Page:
The Armstrong family

The Armstrong family, Patricia, in red, and John, in gray, tour the Lewis and Clark Humane Society with executive director Gina Wiest Friday morning after the Armstrongs presented the shelter with a $100,000 donation on behalf of George and Dorothy Huston.

Thom Bridge,

The Lewis and Clark Humane Society received a $101,505 check on Friday afternoon to jump-start the most important time of the year for giving to the shelter.

Patricia and John Armstrong presented the check on behalf of their late neighbors, George and Dorothy Huston, who split their estate between the shelter in Helena and Butte.

The Hustons moved to Helena from Toledo, Ohio, in the late 1990s. The Armstrongs were their backdoor neighbors and their dogs always ran the fence together. George Huston was described as a lovable curmudgeon who liked to talk politics. The Hustons didn’t have kids and when Dorothy died in 2010 and George needed help, the Armstrongs volunteered to execute his will.

“It’s just been a real joy,” Patricia Armstrong said. “We’ve thoroughly enjoyed being a part of this.”

Shortly after moving to Montana, the Hustons adopted a dog from Helena. After his wife died, George adopted Buddy, a springer spaniel mix from the shelter in Butte. Now Buddy has been adopted by another neighbor who grew up playing with him.

After presenting the check, the Armstrongs took a tour to understand how needed the Hustons donation is. Executive Director Gina Wiest said it costs $3,500 a day to operate the shelter.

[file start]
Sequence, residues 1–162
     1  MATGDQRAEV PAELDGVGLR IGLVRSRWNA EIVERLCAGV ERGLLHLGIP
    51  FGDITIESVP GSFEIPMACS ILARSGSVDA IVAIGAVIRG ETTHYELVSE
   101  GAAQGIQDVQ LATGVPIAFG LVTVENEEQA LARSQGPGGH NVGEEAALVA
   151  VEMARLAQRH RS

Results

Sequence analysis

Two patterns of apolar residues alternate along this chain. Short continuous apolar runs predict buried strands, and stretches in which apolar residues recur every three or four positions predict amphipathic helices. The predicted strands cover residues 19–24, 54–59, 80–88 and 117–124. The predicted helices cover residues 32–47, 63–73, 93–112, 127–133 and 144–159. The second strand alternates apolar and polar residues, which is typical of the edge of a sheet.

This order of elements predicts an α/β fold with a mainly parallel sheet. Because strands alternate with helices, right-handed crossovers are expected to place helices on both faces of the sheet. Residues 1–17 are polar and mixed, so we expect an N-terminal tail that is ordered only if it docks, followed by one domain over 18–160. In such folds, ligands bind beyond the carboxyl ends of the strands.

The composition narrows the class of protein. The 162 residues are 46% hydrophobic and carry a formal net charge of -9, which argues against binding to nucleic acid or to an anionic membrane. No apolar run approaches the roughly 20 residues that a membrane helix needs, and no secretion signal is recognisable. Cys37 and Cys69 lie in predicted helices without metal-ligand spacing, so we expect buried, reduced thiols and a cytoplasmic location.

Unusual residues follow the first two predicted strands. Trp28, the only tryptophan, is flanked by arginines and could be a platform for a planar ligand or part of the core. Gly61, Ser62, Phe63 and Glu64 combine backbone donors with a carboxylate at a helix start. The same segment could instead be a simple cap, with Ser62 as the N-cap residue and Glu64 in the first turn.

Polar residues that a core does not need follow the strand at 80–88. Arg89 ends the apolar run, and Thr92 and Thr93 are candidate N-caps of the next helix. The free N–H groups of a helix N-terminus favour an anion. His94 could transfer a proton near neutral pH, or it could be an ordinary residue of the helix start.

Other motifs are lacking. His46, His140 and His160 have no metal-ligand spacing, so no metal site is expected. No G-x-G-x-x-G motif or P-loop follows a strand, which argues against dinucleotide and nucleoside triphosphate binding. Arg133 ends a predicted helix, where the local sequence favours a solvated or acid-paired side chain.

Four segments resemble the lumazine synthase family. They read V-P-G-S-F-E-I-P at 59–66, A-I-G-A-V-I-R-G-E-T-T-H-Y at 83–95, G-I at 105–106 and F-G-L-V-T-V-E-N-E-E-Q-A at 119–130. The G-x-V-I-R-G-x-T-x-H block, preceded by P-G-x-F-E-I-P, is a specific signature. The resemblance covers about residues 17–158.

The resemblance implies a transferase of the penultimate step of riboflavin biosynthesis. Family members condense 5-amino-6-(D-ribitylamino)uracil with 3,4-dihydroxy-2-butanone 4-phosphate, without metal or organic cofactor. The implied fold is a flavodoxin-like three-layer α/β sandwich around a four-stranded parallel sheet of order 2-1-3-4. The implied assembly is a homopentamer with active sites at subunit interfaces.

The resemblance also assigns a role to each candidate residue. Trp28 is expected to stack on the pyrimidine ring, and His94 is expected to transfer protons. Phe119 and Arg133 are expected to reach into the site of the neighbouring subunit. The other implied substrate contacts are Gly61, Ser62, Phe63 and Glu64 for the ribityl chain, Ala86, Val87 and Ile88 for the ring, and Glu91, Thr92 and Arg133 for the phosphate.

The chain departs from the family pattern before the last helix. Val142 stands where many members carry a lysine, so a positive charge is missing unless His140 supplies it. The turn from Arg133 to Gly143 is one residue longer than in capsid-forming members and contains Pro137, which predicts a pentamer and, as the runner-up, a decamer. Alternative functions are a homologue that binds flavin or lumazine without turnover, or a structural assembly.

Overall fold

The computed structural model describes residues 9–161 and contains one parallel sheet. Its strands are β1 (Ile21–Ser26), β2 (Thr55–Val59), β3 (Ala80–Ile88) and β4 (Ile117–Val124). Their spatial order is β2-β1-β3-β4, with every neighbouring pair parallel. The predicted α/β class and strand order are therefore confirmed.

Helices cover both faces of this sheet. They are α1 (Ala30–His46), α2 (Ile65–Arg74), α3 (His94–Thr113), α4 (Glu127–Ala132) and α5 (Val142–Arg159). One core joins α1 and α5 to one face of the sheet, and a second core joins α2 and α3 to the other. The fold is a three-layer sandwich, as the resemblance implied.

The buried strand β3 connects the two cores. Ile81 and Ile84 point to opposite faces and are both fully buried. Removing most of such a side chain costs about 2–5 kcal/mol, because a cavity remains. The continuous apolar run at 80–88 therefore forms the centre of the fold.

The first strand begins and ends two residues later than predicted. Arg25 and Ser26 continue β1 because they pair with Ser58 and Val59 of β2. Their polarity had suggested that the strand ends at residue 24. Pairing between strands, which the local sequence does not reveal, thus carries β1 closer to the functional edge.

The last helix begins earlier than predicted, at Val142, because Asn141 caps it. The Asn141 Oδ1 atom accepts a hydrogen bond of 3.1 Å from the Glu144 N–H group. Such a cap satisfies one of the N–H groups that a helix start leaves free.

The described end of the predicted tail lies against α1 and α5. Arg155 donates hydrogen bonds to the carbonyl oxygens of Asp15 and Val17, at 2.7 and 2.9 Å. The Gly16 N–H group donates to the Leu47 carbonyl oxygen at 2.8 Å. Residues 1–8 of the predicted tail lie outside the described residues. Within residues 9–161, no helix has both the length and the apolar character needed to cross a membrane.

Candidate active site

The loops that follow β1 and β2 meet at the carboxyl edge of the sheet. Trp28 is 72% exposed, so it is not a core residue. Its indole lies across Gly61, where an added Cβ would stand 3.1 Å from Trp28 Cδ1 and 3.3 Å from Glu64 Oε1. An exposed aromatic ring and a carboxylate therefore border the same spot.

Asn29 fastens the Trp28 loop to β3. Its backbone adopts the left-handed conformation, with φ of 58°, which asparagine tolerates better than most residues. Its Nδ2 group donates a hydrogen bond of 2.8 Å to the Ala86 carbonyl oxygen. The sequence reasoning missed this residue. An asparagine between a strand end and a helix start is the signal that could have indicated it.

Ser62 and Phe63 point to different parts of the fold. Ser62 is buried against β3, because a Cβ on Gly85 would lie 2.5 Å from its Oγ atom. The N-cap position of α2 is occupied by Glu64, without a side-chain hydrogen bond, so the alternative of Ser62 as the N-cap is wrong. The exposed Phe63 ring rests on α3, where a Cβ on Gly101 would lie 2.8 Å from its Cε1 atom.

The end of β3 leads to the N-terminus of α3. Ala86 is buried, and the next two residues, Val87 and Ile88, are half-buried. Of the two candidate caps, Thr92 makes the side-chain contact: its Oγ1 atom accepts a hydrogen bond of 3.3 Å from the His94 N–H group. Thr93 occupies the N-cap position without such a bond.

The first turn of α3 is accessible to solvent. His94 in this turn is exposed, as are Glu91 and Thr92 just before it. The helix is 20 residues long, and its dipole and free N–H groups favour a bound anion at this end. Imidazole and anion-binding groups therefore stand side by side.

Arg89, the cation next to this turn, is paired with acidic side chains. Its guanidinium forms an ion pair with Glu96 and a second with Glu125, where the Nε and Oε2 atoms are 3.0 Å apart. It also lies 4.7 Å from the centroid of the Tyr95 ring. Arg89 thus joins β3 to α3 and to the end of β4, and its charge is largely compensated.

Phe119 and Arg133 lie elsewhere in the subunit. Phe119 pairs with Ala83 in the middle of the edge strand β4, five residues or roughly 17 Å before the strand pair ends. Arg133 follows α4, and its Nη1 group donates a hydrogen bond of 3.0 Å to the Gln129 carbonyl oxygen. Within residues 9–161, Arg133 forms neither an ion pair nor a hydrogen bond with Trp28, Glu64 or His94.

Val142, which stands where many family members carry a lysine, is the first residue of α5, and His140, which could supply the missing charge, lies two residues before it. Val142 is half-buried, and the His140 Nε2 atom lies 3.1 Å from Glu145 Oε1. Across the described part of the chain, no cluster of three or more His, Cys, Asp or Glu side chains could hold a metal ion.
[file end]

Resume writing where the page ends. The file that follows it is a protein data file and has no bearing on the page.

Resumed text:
Kittens drink from water bowls

Kittens drink from water bowls Friday morning at the Lewis and Clark Humane Society.

“This is breathing room,” she said. “We are struggling.”

Wiest said donations almost cease from March to October, but drastically increase around the holidays. While Wiest said the shelter is incredibly grateful for the Hustons donation, she said it will go toward big ticket items, maintenance the shelter has been holding off on or emergencies like a boiler going out. She said it’s crucial for the shelter to continue fundraising until the end of the year to continue day to day operations.

Wiest said the shelter has spent the past few years expanding to limit an existing shelter animal’s contact with an incoming stray to prevent illness. They also have built more kennel space to make sure animals can rotate to regularly clean all holding areas. Wiest said she’s also on a mission to provide education about puppy mills in the area since the shelter is often where people first file a complaint. They only euthanize an animal when it has severe behavioral issues or are too ill, which Wiest said is rare. She said the shelter also works to have incoming animals adopted out in 15 to 20 days to reduce stress.

“There isn’t anything normal about being here,” she said.

Wiest said people can call or visit the shelter website at to make donations.



Education / Business Reporter

Education and Business Reporter for The Independent Record.

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